Early Doors

Makes You Think: Welbeck's better than Falcao, and Wenger won the transfer market

Early Doors

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Like your football opinions hard-hitting, ill-thought-out and ceaselessly xenophobic? Good. You're in the right place. Because ALEX NETHERTON is here to SHOUT the FACTS the others don't even have the balls to whisper.

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Another weekend in the Premier League and there’s been the usual nonsense from the broadsheet hacks lording it up on the Sunday Supplement. These poshos with their ‘toast’, ‘croissants’ and ‘orange juice’ would not know a real opinion if it hit them. These are the people who discuss La Masia as if, like Britain’s prisons, it were anything more than a holiday camp. Somebody has to break through this guff, and that’s me. It’s time to call a spade a spade.

ARSENE WENGER, KING OF THE TRANSFER WINDOW

Like Manchester City and Chelsea, Arsenal did their business early. Before the World Cup finished, they moved for the Chilean forward Alexis Sanchez and negotiated his release swiftly, and with the minimum of fuss. Mathieu Debuchy was a sensible and well-priced replacement for Bacary Sagna, and Calum Chambers was added to make it six defenders at Arsenal for the season. A sensible streamlining of the squad.

In midfield, the £30 million spent to strengthen the wings when he had Alex Oxlade-Chamberlain and Theo Walcott was obviously the priority. Getting this completed so soon into the summer allowed Arsene Wenger to relax, and referee a charity game in Rome on transfer deadline day - a really classy touch, a stand against the immediacy of modern life. When Danny Welbeck became available, and when you compare how many games he’s played in the Champions League compared to Radamel Falcao (signed from a footballing backwater), you have to say Welbeck looks the better deal. Olivier Giroud and Welbeck will be some line up in 2015 - the season starts then for Arsenal, and what a calendar year it could be.

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PLAYER OF THE YEAR - DIEGO COSTA

I’ve watched enough football in my time to know how the season will play out. Everyone knows that each year in my column I have correctly identified the year’s Premier League winner. That this cannot be verified on the internet is simply coincidence. After waking on Saturday morning ready to write Diego Costa off as a feckless wastel for succumbing to a hamstring injury, I was then doubly wowed by his recovery in time for the match. I think what impressed me even more than his technical ability, goalscoring, pace, passing and movement, was the fact that he got in couple of fights - no wonder the Spanish World Cup squad couldn’t make the most of him, they were too cowardly.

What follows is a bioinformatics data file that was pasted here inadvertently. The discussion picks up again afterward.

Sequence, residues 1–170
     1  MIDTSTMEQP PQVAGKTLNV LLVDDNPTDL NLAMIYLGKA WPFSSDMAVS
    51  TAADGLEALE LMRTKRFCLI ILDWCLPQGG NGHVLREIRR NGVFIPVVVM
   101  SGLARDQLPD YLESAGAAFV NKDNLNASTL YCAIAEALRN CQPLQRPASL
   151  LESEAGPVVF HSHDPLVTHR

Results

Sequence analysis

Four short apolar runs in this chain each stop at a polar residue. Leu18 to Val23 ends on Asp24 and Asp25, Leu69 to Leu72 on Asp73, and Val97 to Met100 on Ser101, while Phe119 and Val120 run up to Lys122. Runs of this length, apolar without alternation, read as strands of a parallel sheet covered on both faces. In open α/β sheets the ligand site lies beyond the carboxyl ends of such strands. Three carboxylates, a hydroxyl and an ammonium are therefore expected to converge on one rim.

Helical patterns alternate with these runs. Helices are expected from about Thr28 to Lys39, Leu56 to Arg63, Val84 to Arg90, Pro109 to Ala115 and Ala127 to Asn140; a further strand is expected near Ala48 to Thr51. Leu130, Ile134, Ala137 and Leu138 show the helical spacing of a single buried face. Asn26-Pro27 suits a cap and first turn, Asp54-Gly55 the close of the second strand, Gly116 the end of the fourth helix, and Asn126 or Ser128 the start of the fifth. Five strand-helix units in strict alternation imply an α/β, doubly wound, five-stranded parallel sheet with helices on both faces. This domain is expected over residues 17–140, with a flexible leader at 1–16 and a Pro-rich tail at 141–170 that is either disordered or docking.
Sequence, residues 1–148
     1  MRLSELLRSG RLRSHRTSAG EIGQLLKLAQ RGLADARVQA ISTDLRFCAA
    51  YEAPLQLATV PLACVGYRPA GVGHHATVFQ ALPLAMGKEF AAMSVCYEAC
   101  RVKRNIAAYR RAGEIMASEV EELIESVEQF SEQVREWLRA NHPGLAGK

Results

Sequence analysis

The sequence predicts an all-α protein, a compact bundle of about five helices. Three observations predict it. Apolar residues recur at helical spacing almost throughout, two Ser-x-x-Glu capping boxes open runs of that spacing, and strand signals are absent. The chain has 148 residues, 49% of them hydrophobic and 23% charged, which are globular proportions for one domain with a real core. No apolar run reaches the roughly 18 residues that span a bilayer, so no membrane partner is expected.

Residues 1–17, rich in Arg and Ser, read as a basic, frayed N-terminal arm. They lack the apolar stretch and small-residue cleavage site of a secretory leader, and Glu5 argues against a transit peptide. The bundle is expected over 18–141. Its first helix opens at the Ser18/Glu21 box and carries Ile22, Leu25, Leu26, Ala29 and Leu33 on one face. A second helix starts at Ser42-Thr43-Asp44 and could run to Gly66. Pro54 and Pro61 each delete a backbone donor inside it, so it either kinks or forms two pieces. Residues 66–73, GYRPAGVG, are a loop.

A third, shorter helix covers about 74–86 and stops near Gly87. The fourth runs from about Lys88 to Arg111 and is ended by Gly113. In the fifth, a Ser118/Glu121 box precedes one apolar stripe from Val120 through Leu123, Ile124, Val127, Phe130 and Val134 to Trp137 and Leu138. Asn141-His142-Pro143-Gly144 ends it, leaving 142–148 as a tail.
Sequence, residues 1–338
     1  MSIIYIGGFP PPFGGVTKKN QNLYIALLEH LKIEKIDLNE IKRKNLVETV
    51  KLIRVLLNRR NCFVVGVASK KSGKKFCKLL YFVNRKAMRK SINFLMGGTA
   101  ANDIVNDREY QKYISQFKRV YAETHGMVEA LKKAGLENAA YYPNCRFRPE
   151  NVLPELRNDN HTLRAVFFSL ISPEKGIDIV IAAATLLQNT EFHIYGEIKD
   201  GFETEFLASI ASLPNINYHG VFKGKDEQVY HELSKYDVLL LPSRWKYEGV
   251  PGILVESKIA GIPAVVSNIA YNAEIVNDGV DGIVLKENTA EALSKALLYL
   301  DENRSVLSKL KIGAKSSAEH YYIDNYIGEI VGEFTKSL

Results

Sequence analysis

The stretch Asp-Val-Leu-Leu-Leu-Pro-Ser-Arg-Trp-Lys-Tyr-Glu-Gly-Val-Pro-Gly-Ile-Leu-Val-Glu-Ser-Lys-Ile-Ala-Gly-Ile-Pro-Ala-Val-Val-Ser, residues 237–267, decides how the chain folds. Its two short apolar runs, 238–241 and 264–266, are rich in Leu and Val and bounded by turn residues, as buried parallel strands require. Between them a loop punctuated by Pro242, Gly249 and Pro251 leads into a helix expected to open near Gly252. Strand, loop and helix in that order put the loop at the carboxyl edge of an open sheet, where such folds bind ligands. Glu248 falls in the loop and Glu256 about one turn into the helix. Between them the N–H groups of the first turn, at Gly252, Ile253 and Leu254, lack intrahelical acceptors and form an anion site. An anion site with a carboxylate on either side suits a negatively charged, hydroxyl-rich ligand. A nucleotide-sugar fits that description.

The most important thing is not what evidence you are presented with over the course of the season, it is what strikes you in the gut before the chance you get to rationalise or examine. In the game against Everton, with those two goals, with the fights and insults with Seamus Coleman, there can be no doubt that Diego Costa is a worthy successor to Luis Suarez as player of the year. I’ve already sent my nomination. Fair play, Diego, fair play.

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POCHETTINO SPEAKING THE LANGUAGE OF DEFEAT

I also experienced a similar change of heart on Sunday. Having watched the Sunday Supplement and caught up on the press, I was fairly confident that Mauricio Pochettino had transformed Spurs from Tim Sherwood’s days. Gone were the blood-and-thunder theatrics, here was the focus on technical abilities above old-fashioned concepts like passion and desire - there were too many fights last year, and that got in the way. This was a modern head coach, not a manager, capable of getting the best out of a relatively unchanged squad.

And then they lost three-nil at home to Liverpool, and I realised. Pochettino has a habit of speaking to the press with the aid of a translator, or in garbled English. No wonder his teams collapse at the first hint of trouble if they’re being managed by someone who does not speak the God’s own language. The Second World War was won in English; it wasn’t even lost in Spanish.

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BALOTELLI FINALLY GIVEN A SAVIOUR

Mario Balotelli has always struggled. He buys Scalectrix, sets off fireworks, and sometimes he gets sent off. In essence, he is an absolutely uncontrollable monster who is on the very verge of destroying his whole career and finding himself in the abyss. Thank God, then, that he has Brendan Rodgers. It's possible, going on the hour Balotelli played at White Hart Lane, that Rodgers has prevented him from becoming an Italian version of Paul Gascoigne.

And how did he do it? Well, Rodgers is a maverick thinker, and Balotelli, with his funny hats, is obviously a maverick player. Rodgers, though, is schooled in rehabilitating reckless madmen. And aren’t Suaresz and Balotelli essentially the same? Under his management, Suarez became good enough to move to Barcelona and play with Neymar and Lionel Messi. It was typical, then, of his brilliant, enigmatic, and superbly human qualities - typical of Liverpool football club - to bring Balotelli down to earth.

Rodgers said at the weekend: "We were practicing corners, and [Balotelli] said to me, 'I don't mark at corners.' I said, 'You do now'. Just treat him like an adult."

Rodgers has said he got Balotelli to mark at corners for the very first time in his life. Isn’t that the most authentic and poignant story you have ever heard?

Risen to the bait? Bellow abuse at Alex Netherton on Twitter (@lxndrnthrtn)

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